The amended S-1 registration statement comes amid speculation that Vonage considered pulling its IPO plans in lieu of a privately negotiated M&A transaction to sell the company. The company first filed its S-1 registration statement back in February, initially assigning an estimated IPO value of $250 million.
But according to today’s SEC filing, Vonage now hopes to raise nearly $500 million through the sale of 31,250,000 shares between $16 and $18 each. Net proceeds from the offering will be used to fund expansion of its business, including its hefty marketing expenses. For the full year, marketing expenses totaled $243.4 million, nearly as much as the $258.2 million garnered in telephony services revenue in 2005.
And marketing expenditures aren’t slowing down any time soon. Last year, in the first quarter, the company spent more than $55 million on marketing but, for the first three months of this year, the marketing totaled $88 million.
“They are going to have to go back to the market pretty soon,” chided Will Stofega, VoIP analyst at IDC, referring to the inevitability of a secondary offering after the IPO.
Vonage also owes more than $650 million to creditors that helped out in several financing rounds. And that doesn’t even take into account the financing that venture capitalists contributed in earlier phases. “Their VCs want their money back. That's part of the game and when that actually happens, I guess VCs can be happy,” Stofega told TMCnet.
Of greater concern to the IDC analyst, though, is Vonage’s complacency. While competing services like eBay’s Skype (News - Alert) has been busy diversifying to multi-modal platforms whether it be from ISV or cellular handsets partners, Vonage has retained the same business model – one that is accompanied by an extraordinarily high per-subscriber acquisition cost. For example, Skype today announced it has reached 100 million users.
“What are they doing to change their image? Not necessary from a marketing perspective but how are they going to become more of a company on many different platforms?” Stofega questioned. “I'd love to see them concentrate on other things. I'm not getting any new messages from their ad campaign.”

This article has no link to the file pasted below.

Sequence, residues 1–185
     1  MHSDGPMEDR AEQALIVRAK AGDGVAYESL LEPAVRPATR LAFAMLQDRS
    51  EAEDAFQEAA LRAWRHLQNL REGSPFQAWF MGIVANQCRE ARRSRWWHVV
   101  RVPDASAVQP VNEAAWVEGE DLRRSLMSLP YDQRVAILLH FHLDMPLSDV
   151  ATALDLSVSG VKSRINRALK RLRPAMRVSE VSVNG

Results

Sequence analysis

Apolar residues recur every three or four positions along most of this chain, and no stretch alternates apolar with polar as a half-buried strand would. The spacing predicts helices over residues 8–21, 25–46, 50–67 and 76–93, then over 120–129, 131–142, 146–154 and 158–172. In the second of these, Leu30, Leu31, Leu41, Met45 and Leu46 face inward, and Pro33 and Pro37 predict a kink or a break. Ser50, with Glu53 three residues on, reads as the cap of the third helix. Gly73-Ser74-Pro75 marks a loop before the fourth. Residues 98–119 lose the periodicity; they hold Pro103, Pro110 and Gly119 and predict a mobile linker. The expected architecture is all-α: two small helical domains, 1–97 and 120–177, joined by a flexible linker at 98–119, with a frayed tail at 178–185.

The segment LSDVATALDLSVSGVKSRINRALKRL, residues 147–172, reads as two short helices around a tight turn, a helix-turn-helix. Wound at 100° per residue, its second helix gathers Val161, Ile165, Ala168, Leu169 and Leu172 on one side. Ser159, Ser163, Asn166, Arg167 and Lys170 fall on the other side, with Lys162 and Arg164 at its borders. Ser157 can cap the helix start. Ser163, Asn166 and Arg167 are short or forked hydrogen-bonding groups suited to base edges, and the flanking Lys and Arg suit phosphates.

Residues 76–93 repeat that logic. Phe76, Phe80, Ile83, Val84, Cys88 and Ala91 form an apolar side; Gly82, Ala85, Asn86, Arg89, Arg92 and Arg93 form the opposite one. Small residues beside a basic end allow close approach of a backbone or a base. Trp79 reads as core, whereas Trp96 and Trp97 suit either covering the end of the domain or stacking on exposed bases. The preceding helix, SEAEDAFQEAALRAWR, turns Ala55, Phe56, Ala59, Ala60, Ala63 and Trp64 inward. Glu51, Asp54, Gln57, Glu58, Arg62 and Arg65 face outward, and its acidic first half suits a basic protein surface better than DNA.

For example, while Covad (News - Alert) Communications and 8x8 (with its Packet8 Internet Phone Service) have been courting small- to medium-sized businesses, Vonage’s comparative SMB offerings have been relatively overshadowed by its consumer branding efforts.
“They were going to attack the small business market. But that sort of stopped. We didn't hear that much about their small business strategy,” he added.
One obvious advantage with this (and any) IPO is it leverages the company’s ability to use its stock as a currency. In that sense, the company could buy into new technologies (e.g. video, WiFi (News - Alert) telephony, etc.) using its stock to fund future M&A transactions. But Stofega said there’s a big caveat with that tactic:
“I guess they could … if it holds up. That's something that might be a way of getting them back in the game.”
The number of shares offered in the IPO is equivalent to about 20 percent of the company. With only one-fifth of the outstanding stock floated to the public, it would be impossible for any prospective M&A buyer to take over the company without privately negotiating with investors and management. After the IPO, the company will have 155.7 million shares outstanding, valuing the company at $2.65 billion at the mid-point of the proposed IPO pricing range. When the dust settles, management and directors collectively will own about 60 percent of the company. Vonage Chairman Jeff Citron, alone, will own 33 percent of the company.
The company chose to list its shares on the New York Stock Exchange with a proposed ticker symbol of “VG.”
Robert Liu is Executive Editor at TMCnet. Previously, he was Executive Editor at Jupitermedia and has also written for CNN, A&E, Dow Jones and Bloomberg. For more articles, please visit Robert Liu's columnist page.